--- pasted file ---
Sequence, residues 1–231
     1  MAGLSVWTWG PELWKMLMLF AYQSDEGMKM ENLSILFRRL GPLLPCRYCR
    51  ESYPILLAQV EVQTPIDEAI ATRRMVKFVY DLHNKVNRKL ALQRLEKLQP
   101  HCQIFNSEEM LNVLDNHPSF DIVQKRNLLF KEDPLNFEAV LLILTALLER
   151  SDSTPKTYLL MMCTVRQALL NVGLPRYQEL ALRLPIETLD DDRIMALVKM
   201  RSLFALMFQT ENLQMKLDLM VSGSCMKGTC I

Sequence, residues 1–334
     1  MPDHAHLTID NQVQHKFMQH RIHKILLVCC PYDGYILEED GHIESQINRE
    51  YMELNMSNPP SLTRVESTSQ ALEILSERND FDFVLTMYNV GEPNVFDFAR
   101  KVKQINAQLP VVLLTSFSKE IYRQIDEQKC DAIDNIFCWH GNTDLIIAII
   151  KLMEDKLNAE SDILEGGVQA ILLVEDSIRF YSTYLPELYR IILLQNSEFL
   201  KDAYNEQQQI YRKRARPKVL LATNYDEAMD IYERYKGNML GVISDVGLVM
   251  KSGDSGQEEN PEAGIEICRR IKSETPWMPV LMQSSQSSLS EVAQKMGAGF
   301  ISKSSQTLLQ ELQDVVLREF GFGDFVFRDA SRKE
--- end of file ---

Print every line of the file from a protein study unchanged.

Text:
Sequence, residues 1–231
     1  MAGLSVWTWG PELWKMLMLF AYQSDEGMKM ENLSILFRRL GPLLPCRYCR
    51  ESYPILLAQV EVQTPIDEAI ATRRMVKFVY DLHNKVNRKL ALQRLEKLQP
   101  HCQIFNSEEM LNVLDNHPSF DIVQKRNLLF KEDPLNFEAV LLILTALLER
   151  SDSTPKTYLL MMCTVRQALL NVGLPRYQEL ALRLPIETLD DDRIMALVKM
   201  RSLFALMFQT ENLQMKLDLM VSGSCMKGTC I

Sequence, residues 1–334
     1  MPDHAHLTID NQVQHKFMQH RIHKILLVCC PYDGYILEED GHIESQINRE
    51  YMELNMSNPP SLTRVESTSQ ALEILSERND FDFVLTMYNV GEPNVFDFAR
   101  KVKQINAQLP VVLLTSFSKE IYRQIDEQKC DAIDNIFCWH GNTDLIIAII
   151  KLMEDKLNAE SDILEGGVQA ILLVEDSIRF YSTYLPELYR IILLQNSEFL
   201  KDAYNEQQQI YRKRARPKVL LATNYDEAMD IYERYKGNML GVISDVGLVM
   251  KSGDSGQEEN PEAGIEICRR IKSETPWMPV LMQSSQSSLS EVAQKMGAGF
   301  ISKSSQTLLQ ELQDVVLREF GFGDFVFRDA SRKE